How allies drive inclusive change for all
What ways can you use your privilege to help others be heard and find space to be their authentic selves? For these allies, it comes down to education, conversation and taking action. To make space for others, facing our own privilege and bias is the first step. Through this journey of self-discovery, we can empower and provide opportunity for all. Learn more as these allies share their perspectives, in their own words, on what it takes to be a strong ally.
What does allyship mean to you?
“Allyship goes back, for me, to the platinum rule. It's not treating people the way that you want to be treated, it's treating them the way that they want to be treated. In the workplace, it's not just about empathy or respecting others, but about bringing your best self to work - every day. And I would never want my teammates, my friends, my colleagues to only be able to bring a fraction of themselves to work because of something I could change. Given the choice to include, why wouldn't you?” -Jenna P., Director, Financial Management
“Allyship is a willingness to make space in every room for a collection of perspectives. Looking in a mirror all of the time does nothing to ensure that a product/decision/idea will make sense to the rest of the world so it is in everyone's best interest to see their status quo expand! This is important to me to facilitate because, as a woman in tech, I have benefitted from the groundwork laid ahead of my time (giving me a seat at this table) and it is an honor to do the same for someone else down the road. We are all at our best when we are raising the bar.” -Robin C., Senior Accounting Associate, SEC Reporting
“Being an ally means taking an active role to do whatever is within your power to ensure all individuals are treated equitably, and ensuring we do our part to create a safe environment where people can be their authentic selves (and to show that they are respected and appreciated). This is so important in the workplace, as a diverse workforce is proven to translate to more success, but if folks don't feel empowered to be themselves, we'll never fully realize the benefits of that.” -Karen A., Accounting Manager, Financial Service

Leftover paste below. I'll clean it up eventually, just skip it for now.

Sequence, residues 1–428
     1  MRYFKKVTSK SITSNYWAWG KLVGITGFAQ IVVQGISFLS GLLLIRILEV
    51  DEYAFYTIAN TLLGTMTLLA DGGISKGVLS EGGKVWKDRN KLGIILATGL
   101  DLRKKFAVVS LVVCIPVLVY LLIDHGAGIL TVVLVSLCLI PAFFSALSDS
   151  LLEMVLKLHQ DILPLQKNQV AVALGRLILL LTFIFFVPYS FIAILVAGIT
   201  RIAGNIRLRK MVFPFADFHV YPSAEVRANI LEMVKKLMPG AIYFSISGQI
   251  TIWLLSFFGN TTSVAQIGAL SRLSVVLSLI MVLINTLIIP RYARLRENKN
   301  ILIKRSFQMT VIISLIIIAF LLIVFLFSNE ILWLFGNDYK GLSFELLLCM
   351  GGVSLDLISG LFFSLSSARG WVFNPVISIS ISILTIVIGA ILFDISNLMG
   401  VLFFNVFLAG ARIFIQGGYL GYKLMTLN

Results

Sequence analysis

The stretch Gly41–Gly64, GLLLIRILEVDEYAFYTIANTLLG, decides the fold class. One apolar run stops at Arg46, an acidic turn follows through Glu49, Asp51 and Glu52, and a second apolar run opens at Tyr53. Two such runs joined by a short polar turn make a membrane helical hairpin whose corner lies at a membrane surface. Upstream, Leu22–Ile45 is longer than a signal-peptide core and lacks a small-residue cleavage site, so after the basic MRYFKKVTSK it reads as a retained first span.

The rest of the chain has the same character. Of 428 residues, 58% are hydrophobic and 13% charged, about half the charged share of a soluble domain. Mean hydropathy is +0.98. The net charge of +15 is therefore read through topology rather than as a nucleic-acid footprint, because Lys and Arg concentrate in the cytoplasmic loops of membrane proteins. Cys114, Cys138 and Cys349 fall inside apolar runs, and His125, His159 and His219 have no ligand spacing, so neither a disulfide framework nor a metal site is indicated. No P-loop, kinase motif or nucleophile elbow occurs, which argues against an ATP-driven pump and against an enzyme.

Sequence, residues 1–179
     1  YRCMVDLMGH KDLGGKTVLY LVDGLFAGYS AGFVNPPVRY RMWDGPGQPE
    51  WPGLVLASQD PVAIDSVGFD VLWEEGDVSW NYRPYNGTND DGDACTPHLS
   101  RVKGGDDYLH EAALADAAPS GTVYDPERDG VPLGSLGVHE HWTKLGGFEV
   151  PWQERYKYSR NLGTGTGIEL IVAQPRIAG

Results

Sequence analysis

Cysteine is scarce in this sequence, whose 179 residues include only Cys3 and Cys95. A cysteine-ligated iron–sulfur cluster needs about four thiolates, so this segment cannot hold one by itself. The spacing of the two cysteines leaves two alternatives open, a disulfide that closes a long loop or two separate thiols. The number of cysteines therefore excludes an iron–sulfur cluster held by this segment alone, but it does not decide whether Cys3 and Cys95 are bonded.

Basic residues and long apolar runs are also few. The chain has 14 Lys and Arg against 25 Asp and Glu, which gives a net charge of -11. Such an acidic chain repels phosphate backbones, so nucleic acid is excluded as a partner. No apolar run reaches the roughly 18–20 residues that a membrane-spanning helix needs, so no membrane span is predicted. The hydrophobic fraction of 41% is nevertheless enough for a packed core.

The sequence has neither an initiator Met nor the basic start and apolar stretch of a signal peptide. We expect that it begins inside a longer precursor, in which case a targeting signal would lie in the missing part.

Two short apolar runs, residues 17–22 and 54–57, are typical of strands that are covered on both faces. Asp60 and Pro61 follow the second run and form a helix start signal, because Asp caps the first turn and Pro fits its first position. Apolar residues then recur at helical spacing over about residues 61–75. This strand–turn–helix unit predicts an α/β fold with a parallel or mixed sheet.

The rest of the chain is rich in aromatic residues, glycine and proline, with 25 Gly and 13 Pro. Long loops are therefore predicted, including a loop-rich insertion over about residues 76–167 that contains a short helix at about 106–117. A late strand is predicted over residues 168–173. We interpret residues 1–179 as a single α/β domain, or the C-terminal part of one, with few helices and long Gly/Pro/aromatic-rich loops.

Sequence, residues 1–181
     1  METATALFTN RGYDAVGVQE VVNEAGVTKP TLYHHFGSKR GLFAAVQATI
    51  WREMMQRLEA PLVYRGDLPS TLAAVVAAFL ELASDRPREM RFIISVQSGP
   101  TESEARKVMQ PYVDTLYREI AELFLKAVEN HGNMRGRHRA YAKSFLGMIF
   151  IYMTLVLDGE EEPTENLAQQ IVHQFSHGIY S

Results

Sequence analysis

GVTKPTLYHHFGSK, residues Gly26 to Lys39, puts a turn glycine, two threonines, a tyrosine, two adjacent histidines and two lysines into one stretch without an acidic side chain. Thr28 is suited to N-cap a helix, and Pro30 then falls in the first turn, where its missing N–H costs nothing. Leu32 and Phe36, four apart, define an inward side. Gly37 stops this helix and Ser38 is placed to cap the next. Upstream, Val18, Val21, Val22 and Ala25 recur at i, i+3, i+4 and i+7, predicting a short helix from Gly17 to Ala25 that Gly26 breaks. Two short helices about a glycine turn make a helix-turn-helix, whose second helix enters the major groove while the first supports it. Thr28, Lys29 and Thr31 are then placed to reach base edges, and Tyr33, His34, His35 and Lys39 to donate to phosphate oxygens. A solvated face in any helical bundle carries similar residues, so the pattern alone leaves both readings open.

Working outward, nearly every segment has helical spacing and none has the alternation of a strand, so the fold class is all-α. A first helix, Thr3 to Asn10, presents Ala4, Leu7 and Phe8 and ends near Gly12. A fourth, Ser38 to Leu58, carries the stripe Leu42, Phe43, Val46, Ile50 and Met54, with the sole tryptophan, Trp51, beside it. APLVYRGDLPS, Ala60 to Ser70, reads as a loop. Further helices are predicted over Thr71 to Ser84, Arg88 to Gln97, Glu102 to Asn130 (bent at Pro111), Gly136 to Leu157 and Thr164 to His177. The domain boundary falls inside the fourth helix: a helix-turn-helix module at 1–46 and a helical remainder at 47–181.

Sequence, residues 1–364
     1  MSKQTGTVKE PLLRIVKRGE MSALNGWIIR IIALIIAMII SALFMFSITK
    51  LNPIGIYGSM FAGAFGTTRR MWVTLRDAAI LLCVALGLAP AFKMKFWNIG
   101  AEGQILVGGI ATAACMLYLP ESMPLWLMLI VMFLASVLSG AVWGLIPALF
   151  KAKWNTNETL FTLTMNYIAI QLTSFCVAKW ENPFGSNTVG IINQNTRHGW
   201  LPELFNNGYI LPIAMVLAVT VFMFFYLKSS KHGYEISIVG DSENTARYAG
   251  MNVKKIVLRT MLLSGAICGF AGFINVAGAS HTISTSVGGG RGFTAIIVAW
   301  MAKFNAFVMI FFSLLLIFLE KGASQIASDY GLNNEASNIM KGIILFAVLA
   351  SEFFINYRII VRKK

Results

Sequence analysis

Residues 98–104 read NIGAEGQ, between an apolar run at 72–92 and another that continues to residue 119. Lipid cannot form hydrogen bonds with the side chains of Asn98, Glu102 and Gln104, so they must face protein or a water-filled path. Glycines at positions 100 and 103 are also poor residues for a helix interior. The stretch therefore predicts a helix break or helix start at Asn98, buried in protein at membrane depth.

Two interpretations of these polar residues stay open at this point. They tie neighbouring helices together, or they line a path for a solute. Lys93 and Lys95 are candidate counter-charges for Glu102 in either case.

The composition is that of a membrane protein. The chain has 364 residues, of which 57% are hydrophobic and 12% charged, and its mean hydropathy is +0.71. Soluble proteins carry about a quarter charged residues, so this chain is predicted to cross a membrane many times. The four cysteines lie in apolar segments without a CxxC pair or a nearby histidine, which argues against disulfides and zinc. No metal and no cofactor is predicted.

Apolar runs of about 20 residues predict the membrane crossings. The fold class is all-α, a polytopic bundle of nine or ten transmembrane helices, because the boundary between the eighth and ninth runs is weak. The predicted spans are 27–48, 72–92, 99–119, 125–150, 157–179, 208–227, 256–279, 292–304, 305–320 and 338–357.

“Allyship means continuous learning and unlearning—it is an ongoing process of self education and thoughtful action, it is about asking questions and listening in all aspects of life as well as the workplace. We need to have conversations that can be, sometimes, difficult but they are important in order to spread awareness and educate ourselves as well as others.” -Elma B., Accounting Associate, Card/Partnerships
Empowering others through education and understanding
“While I have taken numerous trainings, and read books to better educate myself. I've also joined every business resource group (BRG) across Capital One, to engage directly, which is where I feel I've learned the most. I've definitely learned a lot by attending many of the BRG events/offerings throughout the past few years, but this approach has really made everything feel so much more direct and personal, and I think really heightened my awareness of how to be an effective ally for my peers.” -Karen A., Accounting Manager, Financial Service
“Being an immigrant myself, and coming from a place in the world where discrimination against my people and myself was tragic to such an extent that literally half of my family was killed because of their names, I learned that talking about what happened to me and my family is the best way to raise awareness and to honor their lives. I also realized that there are so many different marginalized groups that I do not know much about, and the only way I can learn and be their ally is to educate myself on their history. There are thousands of resources at our disposal, from books to articles, informative podcasts, movies, documentaries... In this information society we live today it is our responsibility to put in the effort and learn about our human family.” -Elma B., Accounting Associate, Card/Partnerships
Amplifying the voices of underrepresented groups
“For a long time I had thought of myself as empathetic because I would put myself in other people's shoes and try to treat them the way that I wanted to be treated. But true empathy is treating people the way they want to be treated. And since I can't put myself in every single person's shoes and I will never know truly what someone else is going through, the best I can do each day is strive to use my words to make a difference—and where I've chosen to focus my time is on my specific areas of privilege.
I've added my preferred pronouns to my email signature and my slack message because I want to create a safe space for others to add their preferred pronouns. I try incredibly hard to avoid using gender specific language—with my NJ accent, y'all sounds awful, but it's so much better and more inclusive than my very natural 'yous guys.' I don't presume to know the gender of someone's significant other, and instead use partner when at all possible. And probably a more recent example for me—I have learned a ton from my team and friends about the stigma behind asking people where they are from, and have tried my best to remove that question from my vernacular.” -Jenna P., Director, Financial Management